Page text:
The new life of professional photographers: Endless, shameless self-promotion.

Self portrait for PhotoPlus intro.

Little known facts about me: I like to wear suits or jacket and ties. I like vintage ties best but I've bought four ties in the last few months and I found a nice source of knitted silk ties that are understated and look great. The tie in the image above is not one of them. It's what Ben calls my "candy cane" tie. 

Another little tidbit about me is that I loathe self promotion on any scale larger than that needed to keep basic projects coming in the door. I always feel weird about it. But I think that for the working professional with the need to generate income from multiple sources the grim reality of self-promotion will be the wave of the future for everyone who has something (however remotely valuable) to sell. 

Five or six years ago most of my time was spent meeting with clients who bought or licensed photography and then doing the pre-production, actual production and post production for those projects. I spent a good deal of my time with my nose in PhotoShop followed by a witless romp through QuickBooks Pro and then on to the next job. When things slowed down I sent out post cards to clients and people that I wished were my clients and then when things slowed down more I would get out the contact list and make those dreaded cold, lukewarm and also comfort calls. Comfort calls are those you make to clients who you already work for, who consider you a friend and are always happy to go out to lunch with you and look at new work for a few minutes followed by a long, enjoyable and mostly social meal.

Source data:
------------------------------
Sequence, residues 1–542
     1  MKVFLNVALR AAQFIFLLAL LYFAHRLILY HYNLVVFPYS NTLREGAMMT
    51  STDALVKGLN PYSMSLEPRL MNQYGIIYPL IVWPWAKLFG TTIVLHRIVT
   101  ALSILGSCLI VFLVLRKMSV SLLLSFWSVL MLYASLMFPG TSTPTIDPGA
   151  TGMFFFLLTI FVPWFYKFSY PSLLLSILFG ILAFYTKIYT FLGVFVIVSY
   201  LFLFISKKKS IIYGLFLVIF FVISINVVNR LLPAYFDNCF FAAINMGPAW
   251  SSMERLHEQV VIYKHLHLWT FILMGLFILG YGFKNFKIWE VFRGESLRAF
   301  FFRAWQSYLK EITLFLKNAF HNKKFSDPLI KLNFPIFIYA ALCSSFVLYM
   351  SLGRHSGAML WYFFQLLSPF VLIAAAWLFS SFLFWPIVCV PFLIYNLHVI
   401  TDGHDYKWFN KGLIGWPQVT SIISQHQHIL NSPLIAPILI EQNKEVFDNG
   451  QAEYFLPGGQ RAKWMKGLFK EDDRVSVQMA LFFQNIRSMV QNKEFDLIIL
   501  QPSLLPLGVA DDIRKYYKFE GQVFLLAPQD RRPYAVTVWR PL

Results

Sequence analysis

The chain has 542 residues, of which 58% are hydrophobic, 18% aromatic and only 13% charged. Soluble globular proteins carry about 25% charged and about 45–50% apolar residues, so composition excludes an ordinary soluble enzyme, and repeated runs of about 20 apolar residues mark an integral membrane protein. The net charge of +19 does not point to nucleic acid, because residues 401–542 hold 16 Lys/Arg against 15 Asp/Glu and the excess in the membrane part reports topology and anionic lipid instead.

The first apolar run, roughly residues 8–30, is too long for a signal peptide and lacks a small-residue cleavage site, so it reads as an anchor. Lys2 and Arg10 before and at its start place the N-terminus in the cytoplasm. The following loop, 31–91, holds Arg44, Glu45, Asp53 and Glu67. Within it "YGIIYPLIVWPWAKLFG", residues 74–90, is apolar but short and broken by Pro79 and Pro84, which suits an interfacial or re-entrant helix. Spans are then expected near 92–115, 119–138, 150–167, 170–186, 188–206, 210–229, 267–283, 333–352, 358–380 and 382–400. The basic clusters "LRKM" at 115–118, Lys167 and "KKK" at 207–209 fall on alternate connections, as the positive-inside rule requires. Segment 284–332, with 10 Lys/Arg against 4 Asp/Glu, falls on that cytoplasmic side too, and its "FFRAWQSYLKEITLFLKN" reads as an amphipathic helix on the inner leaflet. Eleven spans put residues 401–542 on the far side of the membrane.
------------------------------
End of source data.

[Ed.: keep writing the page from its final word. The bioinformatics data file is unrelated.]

Now it feels like it's all changed. Part of the new reality of being a photographer trying to make a good living is that we feel the need to diversify. The need to branch out. I was thrilled when I started writing books and I was happy when the royalties would roll in because it helped keep the enterprise afloat and gave me a new reason to buy and experiment with fun toys. It's been two years since I started writing the book on LEDs (my most recent book) and I'm almost ready to get started on the next book. 

But what that really means is that I'm trading time and freedom for the feeling of security and in reality I"m feeling more and more pulled apart and separated from the thing I love about photography which is just the pure act of taking photographs. Or more clearly, making portraits. So far this year I've spent a lot of time outlining photography courses for Craftsy.com and then flying to Denver to do the production for days and days at a time. I've also traveled for Samsung in order to help them get the word out about their new camera. I'll be a paid speaker next week in NYC for them as well. But it's not just the presenting days that stretch me, there's also the time spent getting to know the new cameras and the fourth new menu structure I've memorized so far this year. When you add a book project on top of those things it starts to feel like I'm something other than a working photographer. And that's scary for me since I've spent the years since 1988 doing mostly nothing but photography. I'm not sure I'm good at career multi-tasking and I guess I need to figure out where all my boundaries are as I move forward.